After Yet Another Breach, Yahoo Blames an Unnamed State Actor

Getty Images / Rob Kim

Yahoo has announced yet another breach of its customers’ user data, testing the limits of even large companies’ ability to shrug off PR disaster after torturous PR disaster. For a company that makes the majority of its money off users activity, the near-constant narrative that they mishandle user data will be difficult to overcome — even if they keep blaming foreign states.

When the first major Yahoo breach was reported in September of last year, Yahoo immediately said that it had been a “state-sponsored” attack. It affected more than a billion users, revealing everything from personal data to security question responses.

Earlier breaches, however, occurred in 2013 and 2014, while this Wednesday some Yahoo users began receiving emails warning them that: “Based on the ongoing investigation, we believe a forged cookie may have been used in 2015 or 2016 to access your account.”

The “forged cookie” mention in the warning simply means that the hackers managed to get their hands on copies of users’ Yahoo cookies. With these in hand, the hackers could, rather than log in, simply be logged in, without ever having to enter or even know the user’s password. It allowed them to load Yahoo directly into the user’s account, the same thing that happens when legitimate users visit a site between mandatory logins.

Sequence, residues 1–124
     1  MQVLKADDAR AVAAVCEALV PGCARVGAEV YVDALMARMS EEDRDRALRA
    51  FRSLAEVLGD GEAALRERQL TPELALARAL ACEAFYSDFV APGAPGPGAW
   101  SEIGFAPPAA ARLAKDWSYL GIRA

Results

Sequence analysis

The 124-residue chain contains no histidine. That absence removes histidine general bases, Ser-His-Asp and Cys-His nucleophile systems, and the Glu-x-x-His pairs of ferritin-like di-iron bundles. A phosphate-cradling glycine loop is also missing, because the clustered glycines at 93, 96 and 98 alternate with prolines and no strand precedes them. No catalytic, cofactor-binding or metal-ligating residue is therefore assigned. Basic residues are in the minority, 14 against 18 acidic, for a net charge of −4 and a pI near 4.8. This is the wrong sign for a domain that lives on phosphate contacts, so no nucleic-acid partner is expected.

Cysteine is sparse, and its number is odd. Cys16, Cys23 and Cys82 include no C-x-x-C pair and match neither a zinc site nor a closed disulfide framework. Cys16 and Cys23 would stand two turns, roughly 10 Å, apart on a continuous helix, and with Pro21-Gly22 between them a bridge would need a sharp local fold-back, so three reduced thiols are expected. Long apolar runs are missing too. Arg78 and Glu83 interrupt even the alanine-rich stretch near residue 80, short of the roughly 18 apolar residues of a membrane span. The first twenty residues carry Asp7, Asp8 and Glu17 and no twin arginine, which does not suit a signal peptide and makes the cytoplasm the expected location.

Yahoo says that this breach, too, was the result of a state-sponsored attack. That is, of course, very possible, but it also seems to imply that state- sponsored attacks ought to be more forgivable. There’s some logic to this since states have greater resources than pure criminal hackers, and because Russian or Iranian or even North Korean state hackers are far less likely than regular criminals to charge new a new pair of $600 Slovakian rainboots to your credit card.

But the “state-sponsored” label is now being presented as something like an excuse, as Yahoo looks to a future in which their name is synonymous with security weakness. There are rumblings that this scandal could affect a potential deal with Verizon.

The scope of the attack is not yet known, but the AP reports that among a single 6-person research group at the University of Pennsylvania, at least two have received the warning.